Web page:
The Voting Rights Act hurts Democrats by concentrating minorities into districts such that surrounding districts-- and more of them-- become increasingly white and increasingly Republican. The Voting Rights Act, ironically, nets Republicans a few extra safe seats in the House of Representatives, because of this. Meanwhile, the Democrats are burdened and tarnished with embarrassments such as Georgia's Cynthia McKinney, a product of the Voting Rights Act.

The Voting Rights Act hurts us all by producing fewer contested Congressional seats. It protects race-based political machines in cities across the country. It is polarizing. It is divisive. It is racist. It is very antiquated.

Most of all, it runs counter to the very concept of an American melting pot. The Voting Rights Act contradicts and undermines Martin Luther King, Jr.'s dream of a colorblind America, where people are judged not by the color of their skin but by the content of their character.

But, politically, opposing the Voting Rights Act is poison, so only 33 Republican House members had the guts to oppose it; Republicans couldn't even muster enough votes to make a few common sense, timely amendments to the thing.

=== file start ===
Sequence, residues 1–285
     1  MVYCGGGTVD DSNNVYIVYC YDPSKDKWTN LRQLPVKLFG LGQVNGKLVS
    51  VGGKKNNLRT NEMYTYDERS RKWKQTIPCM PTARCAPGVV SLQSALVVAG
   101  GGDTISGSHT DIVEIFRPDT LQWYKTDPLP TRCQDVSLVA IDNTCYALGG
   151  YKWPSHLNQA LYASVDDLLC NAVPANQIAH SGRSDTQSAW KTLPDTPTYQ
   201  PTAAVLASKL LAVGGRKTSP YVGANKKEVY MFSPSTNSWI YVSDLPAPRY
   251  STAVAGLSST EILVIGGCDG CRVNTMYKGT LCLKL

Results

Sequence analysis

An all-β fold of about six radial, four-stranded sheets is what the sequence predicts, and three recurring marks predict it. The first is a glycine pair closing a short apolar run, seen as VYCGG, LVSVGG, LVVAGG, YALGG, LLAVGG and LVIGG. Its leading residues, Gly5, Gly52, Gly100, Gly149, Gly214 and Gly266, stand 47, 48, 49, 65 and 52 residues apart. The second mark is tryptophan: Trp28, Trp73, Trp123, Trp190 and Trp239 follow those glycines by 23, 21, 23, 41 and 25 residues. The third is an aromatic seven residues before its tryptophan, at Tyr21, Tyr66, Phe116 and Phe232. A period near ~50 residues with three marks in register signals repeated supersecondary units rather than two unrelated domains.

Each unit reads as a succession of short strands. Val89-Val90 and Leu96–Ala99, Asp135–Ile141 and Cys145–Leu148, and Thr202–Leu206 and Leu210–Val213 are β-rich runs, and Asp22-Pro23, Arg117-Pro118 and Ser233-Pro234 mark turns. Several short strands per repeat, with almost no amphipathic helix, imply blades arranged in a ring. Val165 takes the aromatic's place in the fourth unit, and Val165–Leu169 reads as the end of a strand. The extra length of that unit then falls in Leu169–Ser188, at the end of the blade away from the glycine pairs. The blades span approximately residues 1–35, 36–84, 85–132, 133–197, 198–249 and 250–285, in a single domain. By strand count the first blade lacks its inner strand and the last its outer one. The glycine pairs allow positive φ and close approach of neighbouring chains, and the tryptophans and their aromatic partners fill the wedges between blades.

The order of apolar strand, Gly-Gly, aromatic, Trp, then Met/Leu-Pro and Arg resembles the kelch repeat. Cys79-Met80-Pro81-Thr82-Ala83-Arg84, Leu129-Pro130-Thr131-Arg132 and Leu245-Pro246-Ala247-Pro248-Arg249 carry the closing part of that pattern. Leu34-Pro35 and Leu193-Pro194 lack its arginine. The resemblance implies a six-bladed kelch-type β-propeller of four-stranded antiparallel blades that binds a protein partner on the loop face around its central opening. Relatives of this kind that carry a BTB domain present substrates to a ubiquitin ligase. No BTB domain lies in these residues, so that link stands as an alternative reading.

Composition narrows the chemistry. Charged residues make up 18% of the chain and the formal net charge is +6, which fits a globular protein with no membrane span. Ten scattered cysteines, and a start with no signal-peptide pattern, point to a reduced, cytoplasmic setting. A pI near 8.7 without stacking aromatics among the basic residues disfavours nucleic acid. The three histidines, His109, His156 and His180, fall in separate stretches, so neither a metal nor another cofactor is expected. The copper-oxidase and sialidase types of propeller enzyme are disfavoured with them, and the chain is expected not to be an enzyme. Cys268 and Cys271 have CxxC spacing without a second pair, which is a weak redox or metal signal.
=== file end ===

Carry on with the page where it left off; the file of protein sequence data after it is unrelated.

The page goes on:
Logistically and legally, the new plan is not a sure thing just yet. And even so, the details on special primary re-votes are-- at this point-- just hypothetical. It appears that four districts, including my own, will require recontested primary elections. If precedent is followed, we may have our primary-- but only for the U.S. House-- on election day in November, with the general election coinciding with already-scheduled runoff elections in December. Or maybe we'll have a special primary election pre-November. It's all speculative at this point.

It also may mean that Club For Growth-backed Democrat Henry Cuellar will once again have to fend off Kos-backed Democrat Ciro Rodriguez.